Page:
The recent news has been dominated by discussions about deficit and debt reduction. Don't overlook the fact that the Federal government still has every intention to spend in targeted areas of its economy in order to create growth and reduce unemployment. In particular, the 2012 budget proposal has $556 billion dollars to be spent over six years on building the nation’s surface infrastructure.
While some experts believe America is already in recovery, the United States Federal Reserve's actions indicate that is not the case. They have made it clear that quantitative easing is here to stay indefinitely. Despite receiving a “negative” outlook from Moody’s, US treasury notes are still as valuable as ever and by all accounts are considered safe. Unlike other nations around the world experiencing sovereign debt problems, America has much more leeway to get its fiscal situation in order.
The advantage of being the world’s reserve currency (“exorbitant privilege”) is that American treasury notes are still in great demand, a product of worldwide economic uncertainty. Low bond yields allow America to borrow at a low rate, and provided it can invest in projects with high chances of growth, such expenditures will actually improve its fiscal situation over the next decade as long as the growth outweighs the costs of borrowing. American infrastructure is that sure fire bet. It will stimulate economic growth and reduce unemployment, especially among unskilled workers.
Consider this excerpt from The Economist that reveals some intriguing statistics about America’s unemployment situation, and why it is proving to be a difficult task to reduce this number:
The decline of the working American man has been most marked among the less educated and blacks. If you adjust official data to include men in prison or the armed forces (who are left out of the raw numbers), around 35% of 25- to 54-year-old men with no high-school diploma have no job, up from around 10% in the 1960s. Of those who finished high school but did not go to college, the fraction without work has climbed from below 5% in the 1960s to almost 25% (see chart 2). Among blacks, more than 30% overall and almost 70% of high-school dropouts have no job.
These figures are likely to improve as the economic recovery continues, but probably not by much. The pattern of the past four decades suggests a ratchet effect: the share of poorly educated men in work falls in recessions and fails to recover fully in subsequent expansions. The effect could be especially strong this time.
One reason for this is that less-educated men are disproportionately likely to work on building sites and in factories, where lots of jobs were lost in 2008-09. Another is that the recession fell heavily on poorly educated young people. Teenage employment rates slumped to the lowest on record. Those who enter adulthood without a job or a college place are much less likely to work when they are older. Larry Summers, Barack Obama’s former chief economic adviser, worries that even when “full employment” returns later this decade, on recent trends around 15% of all men, 20% of men who have not been to college, 35% of those who did not finish high school and more than 60% of black male high-school dropouts will probably not be working.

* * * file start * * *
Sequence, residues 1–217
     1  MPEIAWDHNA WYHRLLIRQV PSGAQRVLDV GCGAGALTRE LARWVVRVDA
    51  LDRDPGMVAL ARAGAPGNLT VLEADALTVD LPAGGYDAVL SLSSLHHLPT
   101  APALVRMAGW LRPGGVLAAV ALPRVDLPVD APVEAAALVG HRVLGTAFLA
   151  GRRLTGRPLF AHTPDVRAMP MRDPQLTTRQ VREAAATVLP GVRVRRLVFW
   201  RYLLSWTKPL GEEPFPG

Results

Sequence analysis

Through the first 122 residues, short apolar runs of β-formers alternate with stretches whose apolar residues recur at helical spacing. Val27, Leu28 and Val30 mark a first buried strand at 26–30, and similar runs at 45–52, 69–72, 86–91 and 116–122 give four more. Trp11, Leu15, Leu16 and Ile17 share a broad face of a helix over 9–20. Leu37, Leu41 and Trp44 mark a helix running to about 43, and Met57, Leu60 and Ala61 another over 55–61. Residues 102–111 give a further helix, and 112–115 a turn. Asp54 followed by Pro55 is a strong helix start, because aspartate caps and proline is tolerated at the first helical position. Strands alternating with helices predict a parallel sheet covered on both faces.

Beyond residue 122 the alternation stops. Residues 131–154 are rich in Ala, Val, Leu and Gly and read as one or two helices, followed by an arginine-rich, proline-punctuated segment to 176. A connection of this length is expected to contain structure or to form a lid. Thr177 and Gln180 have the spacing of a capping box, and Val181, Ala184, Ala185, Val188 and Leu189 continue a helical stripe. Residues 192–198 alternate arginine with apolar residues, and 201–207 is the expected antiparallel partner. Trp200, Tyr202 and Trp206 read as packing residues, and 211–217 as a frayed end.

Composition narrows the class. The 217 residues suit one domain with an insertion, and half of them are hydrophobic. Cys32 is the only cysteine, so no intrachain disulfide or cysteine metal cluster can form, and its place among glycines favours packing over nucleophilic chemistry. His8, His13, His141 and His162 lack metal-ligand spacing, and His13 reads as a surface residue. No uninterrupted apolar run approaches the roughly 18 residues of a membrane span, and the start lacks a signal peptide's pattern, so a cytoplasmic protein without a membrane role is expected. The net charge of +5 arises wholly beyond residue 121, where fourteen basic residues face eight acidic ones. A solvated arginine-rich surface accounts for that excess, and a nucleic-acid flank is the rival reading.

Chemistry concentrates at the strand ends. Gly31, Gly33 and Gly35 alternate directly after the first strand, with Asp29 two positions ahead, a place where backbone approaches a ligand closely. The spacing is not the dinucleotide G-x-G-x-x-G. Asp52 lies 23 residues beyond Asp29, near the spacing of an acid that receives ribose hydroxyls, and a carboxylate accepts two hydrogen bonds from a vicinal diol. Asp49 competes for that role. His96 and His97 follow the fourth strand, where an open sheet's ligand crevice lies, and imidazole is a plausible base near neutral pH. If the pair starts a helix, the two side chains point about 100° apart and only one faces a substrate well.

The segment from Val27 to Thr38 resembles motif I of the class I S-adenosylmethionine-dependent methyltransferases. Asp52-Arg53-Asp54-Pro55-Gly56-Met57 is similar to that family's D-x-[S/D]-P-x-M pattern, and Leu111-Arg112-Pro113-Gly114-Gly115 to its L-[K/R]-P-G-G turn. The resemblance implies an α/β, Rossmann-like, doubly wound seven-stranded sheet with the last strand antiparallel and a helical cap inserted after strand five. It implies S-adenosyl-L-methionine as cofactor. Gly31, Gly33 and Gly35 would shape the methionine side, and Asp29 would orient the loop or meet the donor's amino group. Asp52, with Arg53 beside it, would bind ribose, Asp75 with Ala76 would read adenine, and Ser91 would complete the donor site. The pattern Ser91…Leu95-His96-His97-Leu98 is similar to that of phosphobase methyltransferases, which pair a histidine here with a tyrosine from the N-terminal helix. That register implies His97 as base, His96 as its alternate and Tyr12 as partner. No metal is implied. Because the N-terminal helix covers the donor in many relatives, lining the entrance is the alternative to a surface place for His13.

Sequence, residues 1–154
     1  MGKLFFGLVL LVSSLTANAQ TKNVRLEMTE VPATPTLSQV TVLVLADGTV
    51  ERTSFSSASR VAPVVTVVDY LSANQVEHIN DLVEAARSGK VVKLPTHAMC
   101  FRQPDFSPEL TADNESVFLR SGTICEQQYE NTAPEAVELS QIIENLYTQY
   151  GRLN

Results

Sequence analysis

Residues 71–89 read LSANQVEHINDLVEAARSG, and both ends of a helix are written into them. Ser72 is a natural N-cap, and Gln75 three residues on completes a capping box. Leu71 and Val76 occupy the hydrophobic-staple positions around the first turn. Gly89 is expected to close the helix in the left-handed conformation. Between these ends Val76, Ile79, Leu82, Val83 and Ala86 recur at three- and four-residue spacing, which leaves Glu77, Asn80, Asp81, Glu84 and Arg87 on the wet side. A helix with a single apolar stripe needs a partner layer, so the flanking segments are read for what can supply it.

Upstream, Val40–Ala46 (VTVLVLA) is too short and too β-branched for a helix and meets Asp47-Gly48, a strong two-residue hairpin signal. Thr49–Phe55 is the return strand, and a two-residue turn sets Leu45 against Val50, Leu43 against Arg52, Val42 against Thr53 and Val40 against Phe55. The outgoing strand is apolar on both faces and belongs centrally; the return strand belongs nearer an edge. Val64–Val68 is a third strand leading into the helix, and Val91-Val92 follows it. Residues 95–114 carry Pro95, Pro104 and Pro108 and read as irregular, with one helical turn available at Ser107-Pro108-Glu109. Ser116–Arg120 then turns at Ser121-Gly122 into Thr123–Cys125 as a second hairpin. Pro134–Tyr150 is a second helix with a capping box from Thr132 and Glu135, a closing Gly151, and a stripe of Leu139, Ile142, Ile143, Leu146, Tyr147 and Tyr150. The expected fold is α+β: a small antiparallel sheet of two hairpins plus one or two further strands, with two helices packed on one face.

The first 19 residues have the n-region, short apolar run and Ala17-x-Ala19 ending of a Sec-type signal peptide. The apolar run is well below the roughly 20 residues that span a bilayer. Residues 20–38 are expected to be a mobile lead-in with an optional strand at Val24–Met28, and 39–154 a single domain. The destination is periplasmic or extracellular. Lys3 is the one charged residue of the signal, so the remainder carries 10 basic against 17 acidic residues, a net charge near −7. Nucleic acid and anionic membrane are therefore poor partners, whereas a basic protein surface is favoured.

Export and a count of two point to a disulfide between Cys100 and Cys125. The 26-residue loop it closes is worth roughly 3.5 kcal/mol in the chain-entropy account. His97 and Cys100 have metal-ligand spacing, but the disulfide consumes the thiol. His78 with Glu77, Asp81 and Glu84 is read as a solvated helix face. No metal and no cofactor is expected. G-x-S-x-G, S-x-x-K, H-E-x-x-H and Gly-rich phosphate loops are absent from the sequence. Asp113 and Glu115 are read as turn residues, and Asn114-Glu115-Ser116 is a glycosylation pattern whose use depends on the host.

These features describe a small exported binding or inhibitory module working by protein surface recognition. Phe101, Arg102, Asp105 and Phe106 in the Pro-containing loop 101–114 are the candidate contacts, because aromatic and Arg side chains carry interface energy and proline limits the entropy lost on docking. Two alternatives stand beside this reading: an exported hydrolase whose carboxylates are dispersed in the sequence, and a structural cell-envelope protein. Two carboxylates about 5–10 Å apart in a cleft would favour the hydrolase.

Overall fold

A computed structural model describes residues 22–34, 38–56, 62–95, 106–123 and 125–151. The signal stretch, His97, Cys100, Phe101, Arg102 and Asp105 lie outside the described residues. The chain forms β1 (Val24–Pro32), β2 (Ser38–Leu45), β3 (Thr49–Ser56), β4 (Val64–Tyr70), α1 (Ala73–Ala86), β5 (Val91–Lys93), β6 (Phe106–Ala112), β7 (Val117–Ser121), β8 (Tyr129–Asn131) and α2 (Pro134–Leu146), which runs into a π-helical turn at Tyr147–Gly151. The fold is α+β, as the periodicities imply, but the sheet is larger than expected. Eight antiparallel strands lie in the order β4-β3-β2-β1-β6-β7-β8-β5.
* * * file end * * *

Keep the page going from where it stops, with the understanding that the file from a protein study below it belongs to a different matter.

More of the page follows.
Widespread male worklessness has huge economic, fiscal and social costs. It reduces America’s economic potential. It deepens its budgetary hole, because less tax is raised and more is spent on those out of work. The fraction of prime-age men on disability benefits, for instance, has more than tripled from 1.5% in 1970 to 4.9%. Federal spending on such benefits amounts to $120 billion a year, almost 1% of GDP.
The case for spending on infrastructure becomes more appealing when the benefits of enhanced mobility are accounted for. Simply put, moving people and goods around faster increases overall productivity. Transportation is growth in and of itself, but it also acts as a public good that allows people and corporations more time and money to be more productive in their own ventures.
For President Obama, there is no better way to spend government money than on improving the nation’s infrastructure. It creates growth that will outpace the cost of borrowing and creates a demand for unskilled labor, addressing structural unemployment that will otherwise persist. Infrastructure investment highlights an area of growth as the US economy struggles to find answers.
There is no doubt that the $556 billion proposed spending on transportation will be challenged by the GOP every step of the way in the name of fiscal responsibility. However, it will be quite clear by the end of 2011 that economic recovery has not taken hold in America, which will justify political pressure to include such measures in future budgets.
In the meantime, it would be prudent to prepare for the budget to pass with a significant amount spent on infrastructure. Reliable options for growth over the next five years and beyond are the Chicago Bridge & Iron Company (CBI), Bombardier Inc (OTCQX:BDRBF), Cemex (CX) and Macquarie Infrastructure Company (MIC).
This small group of stocks provides investors coverage in rails, bridges, planes as well as the raw materials involved to build them. These companies are large and have operations around the world. As there is a risk that specific timing of massive American infrastructure projects cannot be predicted, their diverse operations entails they benefit from overall global infrastructure development as well.